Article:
ATI All-In-Wonder PCI Express X600 Pro
Introduction and Product Specifications
If you are looking to add a TV tuner card to your computer, there are a broad range of choices currently available, ranging from economical solutions to high-end cards that offer more advanced capabilities. However, if you are looking for a TV/Video card combination, there are fewer choices, namely NVIDIA's Personal Cinema, S3's OmniChrome and the more popular All-In-Wonder series from ATI.
The All-In-Wonder series has been around for a very long time, with ATI pioneering the concept well over a decade ago. What was initially a novelty to some has evolved into a strong product line that offers a complete solution right out of the box. Combining a video card and TV card onto a single PCB allows ATI to build a compact product that works seamlessly together as a single slot solution.
Today, we are going to take a close look at the latest All-In-Wonder, and ATI's first PCI Express model in this space, the All-In-Wonder X600 Pro. This is more than a move from AGP to PCI Express though. ATI not only redesigned the card with a smaller, refined TV/FM tuner, they also went back to the drawing board with how the model handles its myriad of inputs and outputs. Let's take a look and see what makes this card so different from its predecessors.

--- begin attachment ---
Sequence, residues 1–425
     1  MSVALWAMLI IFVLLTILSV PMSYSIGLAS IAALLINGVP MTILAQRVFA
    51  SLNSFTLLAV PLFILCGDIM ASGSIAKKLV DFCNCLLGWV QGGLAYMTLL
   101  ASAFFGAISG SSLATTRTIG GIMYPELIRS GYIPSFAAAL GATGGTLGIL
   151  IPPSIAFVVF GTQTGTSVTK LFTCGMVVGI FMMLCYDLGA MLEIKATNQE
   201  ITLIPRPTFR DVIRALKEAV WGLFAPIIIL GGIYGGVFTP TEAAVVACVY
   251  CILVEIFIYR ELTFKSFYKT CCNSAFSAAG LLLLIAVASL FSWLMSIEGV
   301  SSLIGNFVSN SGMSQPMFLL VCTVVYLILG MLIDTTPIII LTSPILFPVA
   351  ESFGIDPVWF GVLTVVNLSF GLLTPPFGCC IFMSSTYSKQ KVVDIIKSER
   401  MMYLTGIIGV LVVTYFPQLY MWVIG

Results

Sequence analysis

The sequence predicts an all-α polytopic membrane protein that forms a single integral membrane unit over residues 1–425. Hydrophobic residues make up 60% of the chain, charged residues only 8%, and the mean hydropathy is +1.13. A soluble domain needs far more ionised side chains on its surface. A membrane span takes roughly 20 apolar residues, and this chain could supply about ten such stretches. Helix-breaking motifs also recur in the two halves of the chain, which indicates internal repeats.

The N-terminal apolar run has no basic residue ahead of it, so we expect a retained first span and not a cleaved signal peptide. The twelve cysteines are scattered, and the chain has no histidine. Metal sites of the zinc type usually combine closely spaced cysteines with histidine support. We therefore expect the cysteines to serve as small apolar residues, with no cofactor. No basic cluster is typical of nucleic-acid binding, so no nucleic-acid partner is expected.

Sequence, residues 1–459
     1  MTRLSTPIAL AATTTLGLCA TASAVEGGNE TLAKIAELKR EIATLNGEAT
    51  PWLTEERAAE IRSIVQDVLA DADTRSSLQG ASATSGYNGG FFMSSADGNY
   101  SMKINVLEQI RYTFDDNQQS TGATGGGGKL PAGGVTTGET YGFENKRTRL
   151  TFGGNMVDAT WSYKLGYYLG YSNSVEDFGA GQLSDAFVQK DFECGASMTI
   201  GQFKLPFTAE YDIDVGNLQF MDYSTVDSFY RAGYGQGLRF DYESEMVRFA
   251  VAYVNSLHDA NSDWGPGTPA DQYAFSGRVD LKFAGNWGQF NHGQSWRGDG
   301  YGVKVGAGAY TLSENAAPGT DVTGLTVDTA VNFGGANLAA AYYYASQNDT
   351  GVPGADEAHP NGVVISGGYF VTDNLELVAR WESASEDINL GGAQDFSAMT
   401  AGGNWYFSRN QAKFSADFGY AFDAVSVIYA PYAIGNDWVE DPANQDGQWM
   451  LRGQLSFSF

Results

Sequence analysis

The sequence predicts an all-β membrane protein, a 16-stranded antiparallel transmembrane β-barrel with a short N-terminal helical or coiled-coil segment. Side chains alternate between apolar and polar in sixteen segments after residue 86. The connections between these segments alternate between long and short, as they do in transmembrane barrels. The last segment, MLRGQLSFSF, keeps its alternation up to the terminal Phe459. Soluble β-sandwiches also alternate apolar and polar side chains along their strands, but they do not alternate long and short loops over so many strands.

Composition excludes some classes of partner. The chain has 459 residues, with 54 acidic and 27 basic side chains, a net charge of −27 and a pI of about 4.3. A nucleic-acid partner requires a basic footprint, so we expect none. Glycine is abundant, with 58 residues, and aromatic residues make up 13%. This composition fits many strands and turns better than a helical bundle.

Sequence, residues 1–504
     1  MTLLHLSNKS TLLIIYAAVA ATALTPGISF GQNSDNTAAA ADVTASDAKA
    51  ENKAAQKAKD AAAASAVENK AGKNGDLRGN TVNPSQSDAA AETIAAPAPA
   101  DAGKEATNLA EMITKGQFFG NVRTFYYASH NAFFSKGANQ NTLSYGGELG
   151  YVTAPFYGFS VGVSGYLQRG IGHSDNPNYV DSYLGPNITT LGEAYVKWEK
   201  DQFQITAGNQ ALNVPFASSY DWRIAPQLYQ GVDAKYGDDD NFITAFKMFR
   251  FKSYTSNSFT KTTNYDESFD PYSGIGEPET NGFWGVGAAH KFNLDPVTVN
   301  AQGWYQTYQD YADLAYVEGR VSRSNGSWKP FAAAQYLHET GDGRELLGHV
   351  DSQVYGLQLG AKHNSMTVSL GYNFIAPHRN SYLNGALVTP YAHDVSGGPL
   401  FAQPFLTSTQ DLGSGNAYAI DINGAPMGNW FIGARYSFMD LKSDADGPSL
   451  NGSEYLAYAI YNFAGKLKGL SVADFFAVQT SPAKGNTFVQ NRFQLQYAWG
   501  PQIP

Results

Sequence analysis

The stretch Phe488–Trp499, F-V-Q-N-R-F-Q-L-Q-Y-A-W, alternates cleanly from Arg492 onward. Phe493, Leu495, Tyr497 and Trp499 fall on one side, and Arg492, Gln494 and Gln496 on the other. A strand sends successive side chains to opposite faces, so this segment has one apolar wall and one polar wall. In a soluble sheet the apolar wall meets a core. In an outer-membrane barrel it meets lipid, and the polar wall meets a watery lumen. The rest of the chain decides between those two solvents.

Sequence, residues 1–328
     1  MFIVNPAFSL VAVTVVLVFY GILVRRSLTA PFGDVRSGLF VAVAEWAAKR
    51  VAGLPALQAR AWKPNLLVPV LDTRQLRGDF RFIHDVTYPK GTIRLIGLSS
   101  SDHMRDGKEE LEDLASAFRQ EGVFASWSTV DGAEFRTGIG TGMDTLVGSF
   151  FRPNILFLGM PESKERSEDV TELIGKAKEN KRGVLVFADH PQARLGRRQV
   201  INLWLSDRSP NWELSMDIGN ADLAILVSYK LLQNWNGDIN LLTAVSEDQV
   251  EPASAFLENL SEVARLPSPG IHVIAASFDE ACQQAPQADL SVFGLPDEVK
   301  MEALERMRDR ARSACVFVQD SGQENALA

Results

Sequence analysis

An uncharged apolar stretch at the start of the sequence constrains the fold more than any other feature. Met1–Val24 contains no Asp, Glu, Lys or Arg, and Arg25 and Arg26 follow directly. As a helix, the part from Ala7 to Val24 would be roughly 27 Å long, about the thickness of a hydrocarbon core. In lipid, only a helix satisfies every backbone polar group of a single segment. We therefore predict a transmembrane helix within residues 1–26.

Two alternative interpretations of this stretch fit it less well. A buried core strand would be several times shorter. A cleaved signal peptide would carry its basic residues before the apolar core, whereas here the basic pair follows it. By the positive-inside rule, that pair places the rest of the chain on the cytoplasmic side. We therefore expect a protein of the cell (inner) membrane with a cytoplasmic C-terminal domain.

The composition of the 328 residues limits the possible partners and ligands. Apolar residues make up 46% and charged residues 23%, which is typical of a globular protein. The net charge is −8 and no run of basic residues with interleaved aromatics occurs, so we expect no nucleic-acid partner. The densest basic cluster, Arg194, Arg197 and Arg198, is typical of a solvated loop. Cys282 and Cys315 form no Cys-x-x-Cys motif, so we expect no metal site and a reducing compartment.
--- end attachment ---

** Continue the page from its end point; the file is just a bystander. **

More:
Operating Systems Support
TV Tuner Requirements
New and Uniquely Designed Connectors
The bundle that accompanies the All-In-Wonder X600 Pro is inherently different from previous versions. The most noticeable difference is the type of connectors included in the package and the lack of a Remote Wonder, which was included in several previous editions of the All-In-Wonder. To connect the antenna for TV and Radio as well as the input and output blocks, ATI now uses a customized dongle. This allows them to funnel all of these connections down to one single connection on the card itself. We like this idea, which also gives them the added benefit of not sacrificing a monitor connection to accommodate the other inputs. The other item that's missing is a DVI to VGA adapter which has now been designated an "optional" item.
The Input and Output blocks are much more desirable over the previous designs. The Input block (purple cable) offers both S-Video and Composite inputs as well as Audio inputs. The Output block sports the same combination of outputs along with separate S/PDIF, Audio and Line outs. Also note that the green audio out connector is a pass-through, so it falls in line with your computer speakers, utilizing the same port on the sound card. Additionally, each block has nubs on one side and sockets on the other so they can interlock with the other. This makes it a bit easier to keep things tidy, which can be hard with each connection filled.